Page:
COPING WITH Defeat is larded with throwaway lines that reflect either the author’s inability to come to terms with non-Catholic denominations and religions, or simply his inability to understand them. At times he is simply unaware of their specific histories. For example, he postulates that “other religious communities did not have their ideological networks scrutinized, as has happened with Islamic associations’ trustees, or faced a demand that they form an Einheitsgemeinde (a single united community).” He seems unaware that post-Soviet Russia, like the Soviet Union, not only carefully scrutinizes both Baptists and Jehovah’s Witnesses, but actively persecutes them; while Prussia, and then Bismarck’s Germany, for decades would only recognize a united Jewish community until the Orthodox Jews finally were able to obtain legislation that allowed them to form a community of their own.

Nor does he seem to understand the nature of Judaism when he asserts in the sentence immediately following that “most European citizens do not recognize any spiritual authority of the pope because they are Protestant, Orthodox Jewish or atheist” (my emphasis). To begin with, many European Jews, like those in America, adhere to other streams of Judaism, usually lumped together as Progressive Judaism. Or surely, he cannot mean that if a Jew is not Orthodox he or she recognizes the “spiritual authority of the pope” as such!

Indeed, Laurence’s attitude to Jews, Judaism, and, for that matter, the state of Israel is at best rather curious. In listing Napoleon’s unfriendly acts against the church, as a result of his annexation of the Papal States, Laurence lists emancipating the Jews alongside abolishing the Inquisition and shuttering convents and monasteries. He refers to the twentieth century’s “solution … to the Jewish question,” an awful-sounding term unless properly explained as the creation of the State of Israel in the aftermath of the Holocaust. Laurence does nothing of the kind, however.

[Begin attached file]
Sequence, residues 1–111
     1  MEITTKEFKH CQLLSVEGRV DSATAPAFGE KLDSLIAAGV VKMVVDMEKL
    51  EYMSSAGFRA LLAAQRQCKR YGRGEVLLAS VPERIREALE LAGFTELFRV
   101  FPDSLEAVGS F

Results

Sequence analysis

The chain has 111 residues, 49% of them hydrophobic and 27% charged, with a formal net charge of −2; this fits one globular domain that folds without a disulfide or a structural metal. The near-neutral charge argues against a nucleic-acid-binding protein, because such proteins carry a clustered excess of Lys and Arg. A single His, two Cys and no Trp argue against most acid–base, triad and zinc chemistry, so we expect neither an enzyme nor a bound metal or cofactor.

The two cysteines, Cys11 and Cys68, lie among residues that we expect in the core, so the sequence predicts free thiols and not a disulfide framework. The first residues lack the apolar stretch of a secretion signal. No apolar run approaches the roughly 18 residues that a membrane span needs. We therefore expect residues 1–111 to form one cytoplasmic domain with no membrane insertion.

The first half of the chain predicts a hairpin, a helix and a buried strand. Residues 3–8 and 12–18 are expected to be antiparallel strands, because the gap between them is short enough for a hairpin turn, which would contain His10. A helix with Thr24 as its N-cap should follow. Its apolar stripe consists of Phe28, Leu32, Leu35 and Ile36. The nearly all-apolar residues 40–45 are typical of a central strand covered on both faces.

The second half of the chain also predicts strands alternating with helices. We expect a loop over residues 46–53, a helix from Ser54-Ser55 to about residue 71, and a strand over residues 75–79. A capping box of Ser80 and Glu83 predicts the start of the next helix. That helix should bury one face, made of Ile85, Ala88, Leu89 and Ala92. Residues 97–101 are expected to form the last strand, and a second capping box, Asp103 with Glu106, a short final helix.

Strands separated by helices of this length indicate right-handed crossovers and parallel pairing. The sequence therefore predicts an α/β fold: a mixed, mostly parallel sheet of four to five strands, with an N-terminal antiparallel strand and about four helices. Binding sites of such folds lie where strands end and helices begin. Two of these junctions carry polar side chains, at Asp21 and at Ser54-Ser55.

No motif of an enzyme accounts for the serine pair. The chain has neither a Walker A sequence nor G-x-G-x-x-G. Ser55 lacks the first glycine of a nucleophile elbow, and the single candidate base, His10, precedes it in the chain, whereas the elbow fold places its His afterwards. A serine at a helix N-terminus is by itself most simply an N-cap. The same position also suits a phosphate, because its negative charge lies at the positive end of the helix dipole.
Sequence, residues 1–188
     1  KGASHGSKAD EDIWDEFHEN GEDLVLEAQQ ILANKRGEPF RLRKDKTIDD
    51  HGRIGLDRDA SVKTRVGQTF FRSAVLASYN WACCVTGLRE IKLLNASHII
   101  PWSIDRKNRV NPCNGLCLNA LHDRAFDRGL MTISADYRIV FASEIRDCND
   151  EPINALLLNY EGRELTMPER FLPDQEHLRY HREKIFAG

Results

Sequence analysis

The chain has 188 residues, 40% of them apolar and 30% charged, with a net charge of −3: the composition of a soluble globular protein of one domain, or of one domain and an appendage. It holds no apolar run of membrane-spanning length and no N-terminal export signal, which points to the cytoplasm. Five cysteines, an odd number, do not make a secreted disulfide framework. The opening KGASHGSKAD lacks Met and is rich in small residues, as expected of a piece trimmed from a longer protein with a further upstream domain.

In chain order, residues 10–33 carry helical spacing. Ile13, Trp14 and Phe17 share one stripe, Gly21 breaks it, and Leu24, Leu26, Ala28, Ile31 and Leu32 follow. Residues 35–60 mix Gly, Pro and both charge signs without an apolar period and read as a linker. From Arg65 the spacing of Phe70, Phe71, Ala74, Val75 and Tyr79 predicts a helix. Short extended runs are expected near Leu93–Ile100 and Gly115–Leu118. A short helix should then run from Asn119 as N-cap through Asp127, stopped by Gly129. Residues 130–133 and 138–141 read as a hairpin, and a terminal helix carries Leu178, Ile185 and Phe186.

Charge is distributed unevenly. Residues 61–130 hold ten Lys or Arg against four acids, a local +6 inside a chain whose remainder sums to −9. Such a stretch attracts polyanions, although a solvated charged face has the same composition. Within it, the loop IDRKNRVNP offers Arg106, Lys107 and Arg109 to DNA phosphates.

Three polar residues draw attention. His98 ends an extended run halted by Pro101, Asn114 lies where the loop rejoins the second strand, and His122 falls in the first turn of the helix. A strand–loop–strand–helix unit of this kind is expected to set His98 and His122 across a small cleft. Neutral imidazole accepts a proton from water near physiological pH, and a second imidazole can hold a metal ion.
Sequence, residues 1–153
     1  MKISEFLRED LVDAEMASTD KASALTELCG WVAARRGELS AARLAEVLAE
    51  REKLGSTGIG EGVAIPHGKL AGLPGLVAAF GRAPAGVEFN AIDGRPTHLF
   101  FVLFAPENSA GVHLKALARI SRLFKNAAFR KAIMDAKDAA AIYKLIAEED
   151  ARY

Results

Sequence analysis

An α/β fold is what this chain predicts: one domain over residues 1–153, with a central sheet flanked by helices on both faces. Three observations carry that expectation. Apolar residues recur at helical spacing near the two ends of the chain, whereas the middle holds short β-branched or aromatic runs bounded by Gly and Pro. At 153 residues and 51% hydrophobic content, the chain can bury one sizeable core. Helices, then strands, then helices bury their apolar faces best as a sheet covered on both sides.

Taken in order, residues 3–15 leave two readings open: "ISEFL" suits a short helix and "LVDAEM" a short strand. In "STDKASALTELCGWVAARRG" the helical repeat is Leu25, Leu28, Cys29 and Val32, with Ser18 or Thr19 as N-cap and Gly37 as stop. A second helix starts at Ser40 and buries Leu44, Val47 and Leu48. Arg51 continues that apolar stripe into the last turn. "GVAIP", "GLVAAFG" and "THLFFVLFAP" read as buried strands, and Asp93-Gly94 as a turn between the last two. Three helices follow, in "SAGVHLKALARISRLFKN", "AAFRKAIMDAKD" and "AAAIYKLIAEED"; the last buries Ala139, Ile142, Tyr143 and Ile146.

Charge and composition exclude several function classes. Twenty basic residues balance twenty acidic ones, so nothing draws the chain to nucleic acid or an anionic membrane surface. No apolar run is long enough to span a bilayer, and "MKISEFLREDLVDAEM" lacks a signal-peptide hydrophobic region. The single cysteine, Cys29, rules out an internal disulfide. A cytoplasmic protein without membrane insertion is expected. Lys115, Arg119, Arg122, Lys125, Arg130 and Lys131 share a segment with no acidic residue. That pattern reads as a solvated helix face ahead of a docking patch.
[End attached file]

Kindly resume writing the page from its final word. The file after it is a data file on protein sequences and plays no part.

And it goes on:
Laurence also erroneously asserts that “at the turn of the twenty first century … there were no private Islamic spaces permitted to exist outside the home—that is, there was no religious civil society.” In fact, Indonesia’s Nahdlatal Ulama (NU) is the largest Islamic non-governmental organization in the world. Founded in 1926, the NU is a true civil society institution that funds schools and hospitals and assists the impoverished.  Most importantly, it advocates for a moderate version of Islam. Yet Laurence does not even mention the NU in his 575-page volume, although its 90 million members outnumber the populations of Turkey and equal those of the three north African nations combined.

ULTIMATELY, THE case that Coping with Defeat propounds simply is not proven. It falters because the book’s limited focus on but a few Sunni states and their diaspora in Europe is insufficiently broad for the vast scope of its argument. Readers interested in the recent evolution of the Catholic Church and the manner in which it came to terms with Europe’s secular reality certainly will find much in the book’s pages. So too will those who wish to learn the details of religious management in Turkey and three francophone North African states, and the efforts of these four countries to influence their former citizens now residing in selected parts of Western Europe.